"White collar" criminals are often people who got a little too inventive when they came up with ways to make money. Their creativity was not appreciated by the authorities, who insisted on things like obeying the laws and such.
Also, they often find that the prison environment is different than what they have been used to. At the very least, they find their position in that environment is different -- without their wealth they may not have the power they've been used to having in a society where individual strength and connections are measured differently than they are in the boardroom.
So leave it to these entrepreneurs to figure out how to make a buck off having been in prison -- by offering advice and guidance to the white-collar criminal types who are about to go there. This Wall Street Journal piece tells the story of how one particular man convicted of fraud is learning what to do and what not to do in prison. The guides range from the courtesy of ordinary interactions (always say, "Excuse me" if you bump someone) to how to survive high-intensity confrontations that could result in injury or worse.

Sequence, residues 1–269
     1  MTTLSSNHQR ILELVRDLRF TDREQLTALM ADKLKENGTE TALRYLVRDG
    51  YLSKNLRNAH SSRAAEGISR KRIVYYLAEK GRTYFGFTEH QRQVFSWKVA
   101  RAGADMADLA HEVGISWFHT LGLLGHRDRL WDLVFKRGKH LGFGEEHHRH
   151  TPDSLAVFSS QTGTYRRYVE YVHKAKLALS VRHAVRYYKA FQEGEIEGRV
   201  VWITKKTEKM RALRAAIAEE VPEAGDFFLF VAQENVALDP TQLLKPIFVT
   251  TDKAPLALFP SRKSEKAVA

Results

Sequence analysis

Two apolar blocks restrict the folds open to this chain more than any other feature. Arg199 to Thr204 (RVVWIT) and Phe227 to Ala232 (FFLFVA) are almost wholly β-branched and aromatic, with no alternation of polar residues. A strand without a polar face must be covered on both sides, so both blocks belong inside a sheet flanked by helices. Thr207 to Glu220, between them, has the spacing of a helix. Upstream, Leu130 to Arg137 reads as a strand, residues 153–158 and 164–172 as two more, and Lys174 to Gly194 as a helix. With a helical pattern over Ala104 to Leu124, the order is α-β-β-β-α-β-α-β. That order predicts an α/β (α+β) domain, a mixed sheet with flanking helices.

Ol' Ms. Free Market is an inventive kind of gal, isn't she?
(H/T Jonathan Last)